Technology, Innovation, and Education

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CONFERENCE SCHEDULE

8:30–9:15am Breakfast The Leonie Faroll Focus, Science Center

Session 1: 9:15–10:25am Culture and the Arts Digging the Past (individual presentations)

SCI 264 Bone or Stone?: The Search for Early Humans in Dmanisi, Georgia

A New Frontier for the Vast Wasteland: How TV Went DIY Kathleen T. Leonard ’12, Cinema and Media Studies Advisor: Winifred Wood, Writing Program

Business or Pleasure?: The Importance of Business in the Arts World

Health and Medicine Beyond Borders Challenges of Contemporary Mental Healthcare (panels)

SCI 270 How Do We Measure Success?: The Dilemma of Residential Care

Camden K. Louie ’12, American Studies and Music Advisor: Martin Brody, Music

Conisha T. Cooper ’12, Psychology and Victoria M. Nguyen ‘13, Spanish Advisor: Paul Wink, Psychology

Empowerment of Youth, Women, and Families

Strengths of Community: A Summer at the Riverside Day Treatment Center

Amanda M. Papakyrikos ’14, Undeclared; Julie B. Bass ’12, Anthropology; and Cobren A. Greer ’13, Anthropology Advisor: Adam Van Arsdale, Anthropology

A Family Matter: From Babies to Parents SCI 256

Michelle Lee ’12, Psychology and Neuroscience and Elizabeth H. Byerly ‘12, Psychology Advisor: Paul Wink, Psychology

Triassic Park: Paleontology of Ghost Ranch, New Mexico

Do You Have A House In Virginia?

No Guts, No Glory

Cabrina Kang ’13, English Advisor: Catia Confortini, Peace Studies

(individual presentations)

Making Women’s International Reproductive Health and Family Planning a Priority

Generating hES-derived β-cells as a Therapy for Type 1 Diabetics

Kaisa L. Wayrynen ’14, Undeclared Advisor: Emily Buchholtz, Biological Sciences

The Business of Art: Art of Business (individual presentations)

SCI 392 Got a View?: The Women (and Men) Behind ABC’s The View Grace O. Cheng ’12, Economics and Philosophy Advisor: Maria San Filippo, Cinema and Media Studies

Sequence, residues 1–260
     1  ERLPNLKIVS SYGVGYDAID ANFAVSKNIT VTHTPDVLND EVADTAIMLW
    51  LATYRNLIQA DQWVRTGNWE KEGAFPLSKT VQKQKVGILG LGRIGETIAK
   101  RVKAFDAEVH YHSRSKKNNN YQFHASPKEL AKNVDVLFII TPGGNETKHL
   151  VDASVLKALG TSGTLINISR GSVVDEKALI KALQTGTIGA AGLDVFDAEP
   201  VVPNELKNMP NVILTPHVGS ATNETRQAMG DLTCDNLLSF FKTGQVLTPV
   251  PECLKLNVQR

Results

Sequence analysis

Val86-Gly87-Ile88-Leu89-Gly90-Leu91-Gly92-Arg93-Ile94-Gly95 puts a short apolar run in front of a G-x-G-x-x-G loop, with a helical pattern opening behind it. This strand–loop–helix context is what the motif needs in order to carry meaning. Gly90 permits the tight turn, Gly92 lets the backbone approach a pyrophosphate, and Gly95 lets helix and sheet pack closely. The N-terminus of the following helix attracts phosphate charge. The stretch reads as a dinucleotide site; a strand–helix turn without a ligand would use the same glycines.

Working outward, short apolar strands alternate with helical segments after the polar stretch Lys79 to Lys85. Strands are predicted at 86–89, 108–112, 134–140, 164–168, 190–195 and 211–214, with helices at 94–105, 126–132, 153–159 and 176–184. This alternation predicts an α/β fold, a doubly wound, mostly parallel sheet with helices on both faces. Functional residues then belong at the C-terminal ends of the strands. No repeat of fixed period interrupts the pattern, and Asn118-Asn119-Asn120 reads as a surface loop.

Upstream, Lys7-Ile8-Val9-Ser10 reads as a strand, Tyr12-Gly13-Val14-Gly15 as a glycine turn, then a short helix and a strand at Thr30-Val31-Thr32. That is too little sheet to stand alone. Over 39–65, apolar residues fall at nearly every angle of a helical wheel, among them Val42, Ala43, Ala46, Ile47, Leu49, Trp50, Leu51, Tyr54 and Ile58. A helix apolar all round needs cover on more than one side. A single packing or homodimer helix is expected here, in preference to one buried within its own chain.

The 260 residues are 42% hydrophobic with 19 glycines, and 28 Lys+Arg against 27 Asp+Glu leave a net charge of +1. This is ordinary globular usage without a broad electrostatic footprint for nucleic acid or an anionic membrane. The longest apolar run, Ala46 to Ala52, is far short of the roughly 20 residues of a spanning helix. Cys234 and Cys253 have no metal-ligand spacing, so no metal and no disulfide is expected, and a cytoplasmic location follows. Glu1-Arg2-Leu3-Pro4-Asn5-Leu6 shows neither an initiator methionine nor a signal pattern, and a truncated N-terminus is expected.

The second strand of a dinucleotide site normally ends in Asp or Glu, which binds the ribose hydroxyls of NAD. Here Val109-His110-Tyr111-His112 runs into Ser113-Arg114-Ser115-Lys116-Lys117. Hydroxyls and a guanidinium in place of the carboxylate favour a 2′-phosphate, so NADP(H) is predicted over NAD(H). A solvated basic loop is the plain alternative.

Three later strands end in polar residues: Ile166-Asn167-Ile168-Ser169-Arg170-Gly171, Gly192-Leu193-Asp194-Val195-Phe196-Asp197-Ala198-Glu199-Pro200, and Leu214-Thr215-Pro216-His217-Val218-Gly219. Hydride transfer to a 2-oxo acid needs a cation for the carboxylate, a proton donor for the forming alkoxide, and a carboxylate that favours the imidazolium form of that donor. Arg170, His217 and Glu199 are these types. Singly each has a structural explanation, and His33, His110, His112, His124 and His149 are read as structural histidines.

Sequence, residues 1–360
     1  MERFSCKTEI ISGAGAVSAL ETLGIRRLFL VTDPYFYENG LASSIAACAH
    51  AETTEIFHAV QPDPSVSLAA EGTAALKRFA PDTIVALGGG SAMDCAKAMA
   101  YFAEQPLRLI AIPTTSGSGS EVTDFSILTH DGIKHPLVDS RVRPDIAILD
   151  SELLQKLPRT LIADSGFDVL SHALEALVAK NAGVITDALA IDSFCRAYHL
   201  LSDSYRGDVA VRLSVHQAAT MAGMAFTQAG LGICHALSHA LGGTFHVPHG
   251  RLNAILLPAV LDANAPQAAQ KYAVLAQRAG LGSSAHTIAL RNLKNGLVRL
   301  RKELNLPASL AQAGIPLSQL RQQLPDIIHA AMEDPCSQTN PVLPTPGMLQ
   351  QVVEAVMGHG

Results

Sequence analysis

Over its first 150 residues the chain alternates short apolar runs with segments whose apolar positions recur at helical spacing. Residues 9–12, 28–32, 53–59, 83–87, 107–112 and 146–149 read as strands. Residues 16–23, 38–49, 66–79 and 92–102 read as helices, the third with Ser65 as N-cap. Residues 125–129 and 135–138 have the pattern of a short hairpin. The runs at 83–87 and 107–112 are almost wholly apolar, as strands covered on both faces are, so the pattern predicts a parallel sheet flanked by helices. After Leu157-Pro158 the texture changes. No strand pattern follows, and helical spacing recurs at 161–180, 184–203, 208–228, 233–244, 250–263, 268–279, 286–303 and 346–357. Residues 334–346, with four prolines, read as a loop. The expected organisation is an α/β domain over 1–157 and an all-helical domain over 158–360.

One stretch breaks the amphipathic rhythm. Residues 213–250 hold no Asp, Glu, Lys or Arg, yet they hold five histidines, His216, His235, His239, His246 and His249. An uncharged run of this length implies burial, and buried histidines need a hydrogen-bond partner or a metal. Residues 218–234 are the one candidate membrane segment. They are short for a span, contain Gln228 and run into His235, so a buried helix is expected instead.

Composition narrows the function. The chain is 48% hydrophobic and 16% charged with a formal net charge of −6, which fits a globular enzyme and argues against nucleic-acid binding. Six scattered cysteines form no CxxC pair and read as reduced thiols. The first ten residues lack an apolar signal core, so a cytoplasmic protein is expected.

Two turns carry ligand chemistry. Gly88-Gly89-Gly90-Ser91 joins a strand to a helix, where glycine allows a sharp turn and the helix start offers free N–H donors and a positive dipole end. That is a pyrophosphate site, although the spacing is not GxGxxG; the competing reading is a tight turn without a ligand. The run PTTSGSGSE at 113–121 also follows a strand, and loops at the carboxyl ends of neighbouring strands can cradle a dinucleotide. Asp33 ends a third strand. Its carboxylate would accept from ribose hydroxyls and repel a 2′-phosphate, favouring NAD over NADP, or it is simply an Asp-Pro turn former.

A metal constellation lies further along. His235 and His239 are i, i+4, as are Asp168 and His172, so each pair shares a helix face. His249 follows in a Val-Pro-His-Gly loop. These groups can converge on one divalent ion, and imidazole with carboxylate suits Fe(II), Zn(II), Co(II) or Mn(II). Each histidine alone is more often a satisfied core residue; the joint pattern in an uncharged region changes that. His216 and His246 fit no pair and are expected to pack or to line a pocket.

(individual presentations)

SCI 364

Merene Botsio ’12, Africana Studies and International Relations-Political Science Advisor: Pashington Obeng, Africana Studies

Creating Healthy Families: An Insight into Teen Pregnancy and Parenting Jannet G. Sanchez ’14, Undeclared Advisor: Phillip Levine, Economics

Creating Safer Schools for Transgender and Gender Non-Conforming Youth Emma F. Townsend-Merino ’12, Psychology and Women’s and Gender Studies Advisor: Tom Burke, Political Science t h e

Rachel L. Parker ’13, Chemistry Advisor: Jeffrey Hughes, Biological Sciences

Inflammatory Bowel Disease: Research and Awareness Diana H. Schron ’14, Undeclared Advisor: Joy Renjilian-Burgy, Spanish

Bacteria in the Human Body: Making Connections Between Scientific Research and Health Jennifer E. Fishbein ’13, Biological Chemistry Advisor: Janet McDonough, Biological Sciences

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Identity, Community, and Global Citizenship

Bones: Learning the Ropes of Austrian Anthropological Research Emma E. Strick ’12, Anthropology Advisor: Philip Kohl, Anthropology

Conflicts and Interests: Navigating International Relations (individual presentations)

Stone Cold: Women’s Decision-Making in Small Businesses in a Strained Economy

SCI 274 How Do Cultural Diplomacy and Understanding Materialize? Julia N. Wu ’12, International Relations-History Advisor: Lidwien Kapteijns, History

Joining a Liberally Oriented Turkish NGO

Meredith W. Stoner ’13, Women’s and Gender Studies and Dana Y. Lee ’13, Economics Advisor: Victor Kazanjian, Office of Intercultural Education & Religious and Spiritual Life

Economic Ties Between India and China

Madeleine S. Nelson ’12, Economics Advisor: Joseph Swingle, Sociology

Yuting Guo ’13, International Relations-Political Science Advisor: Akila Weerapana, Economics

The United States: A Leader in Nuclear Weapons Treaties?

Planet Earth

Erin E. Corcoran ’13, International RelationsPolitical Science and Spanish Advisor: Stacie Goddard, Political Science

Chortling through Snorkels and Frolicking in the Rainforest: Experiences in Tropical Ecology (panel)

Middle East Nuclear Weapons Free Zone

SCI 396

Dana F. Al-Jawamis ’14, Undeclared Advisor: Stacie Goddard, Political Science

Ariel M. Robinson ’13, Cognitive and Linguistic Sciences Advisor: Lawrence Rosenwald, English

Mia M. Howard ’12, Biological Sciences; CeCe Cheng ’12, Biological Sciences; Katherine A. Connolly ’12, Biological Sciences; Lucie E. Drozd ’12, Biological Sciences; Genea C. Foster ’12, Environmental Studies; and Natalia Ospina ’12, Environmental Studies Advisor: Martina Königer, Biological Sciences